In tensorflow-lite before versions 1.15.4, 2.0.3, 2.1.2, 2.2.1 and 2.3.1, when determining the common dimension size of two tensors, TFLite uses a `DCHECK` which is no-op outside of debug compilation modes. Since the function always returns the dimension of the first tensor, malicious attackers can ...
CVE-2020-15209
PUBLISHED: 2020-09-25
In tensorflow-lite before versions 1.15.4, 2.0.3, 2.1.2, 2.2.1 and 2.3.1, a crafted TFLite model can force a node to have as input a tensor backed by a `nullptr` buffer. This can be achieved by changing a buffer index in the flatbuffer serialization to convert a read-only tensor to a read-write one....
CVE-2020-15210
PUBLISHED: 2020-09-25
In tensorflow-lite before versions 1.15.4, 2.0.3, 2.1.2, 2.2.1 and 2.3.1, if a TFLite saved model uses the same tensor as both input and output of an operator, then, depending on the operator, we can observe a segmentation fault or just memory corruption. We have patched the issue in d58c96946b and ...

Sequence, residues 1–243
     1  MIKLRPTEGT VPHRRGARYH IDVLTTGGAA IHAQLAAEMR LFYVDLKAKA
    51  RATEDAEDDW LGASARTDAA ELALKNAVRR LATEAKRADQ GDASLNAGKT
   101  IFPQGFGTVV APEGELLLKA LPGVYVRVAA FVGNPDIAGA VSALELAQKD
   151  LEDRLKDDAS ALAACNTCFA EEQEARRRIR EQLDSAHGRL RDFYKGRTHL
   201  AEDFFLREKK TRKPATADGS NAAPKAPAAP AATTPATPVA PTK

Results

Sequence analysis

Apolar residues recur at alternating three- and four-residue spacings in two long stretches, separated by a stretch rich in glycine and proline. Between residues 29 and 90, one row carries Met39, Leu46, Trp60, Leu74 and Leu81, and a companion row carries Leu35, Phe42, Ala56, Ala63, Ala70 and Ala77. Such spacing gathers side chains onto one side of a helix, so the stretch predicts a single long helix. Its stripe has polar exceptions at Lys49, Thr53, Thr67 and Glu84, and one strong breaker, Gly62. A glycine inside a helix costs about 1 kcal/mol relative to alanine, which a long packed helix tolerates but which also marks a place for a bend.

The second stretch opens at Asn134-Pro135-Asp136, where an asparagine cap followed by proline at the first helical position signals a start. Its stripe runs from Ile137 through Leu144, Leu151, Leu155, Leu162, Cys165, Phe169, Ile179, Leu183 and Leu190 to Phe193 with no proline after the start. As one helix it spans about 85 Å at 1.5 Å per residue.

CVE-2020-15211
PUBLISHED: 2020-09-25
In TensorFlow Lite before versions 1.15.4, 2.0.3, 2.1.2, 2.2.1 and 2.3.1, saved models in the flatbuffer format use a double indexing scheme: a model has a set of subgraphs, each subgraph has a set of operators and each operator has a set of input/output tensors. The flatbuffer format uses indices f...
CVE-2020-15212
PUBLISHED: 2020-09-25
In TensorFlow Lite before versions 2.2.1 and 2.3.1, models using segment sum can trigger writes outside of bounds of heap allocated buffers by inserting negative elements in the segment ids tensor. Users having access to `segment_ids_data` can alter `output_index` and then write to outside of `outpu...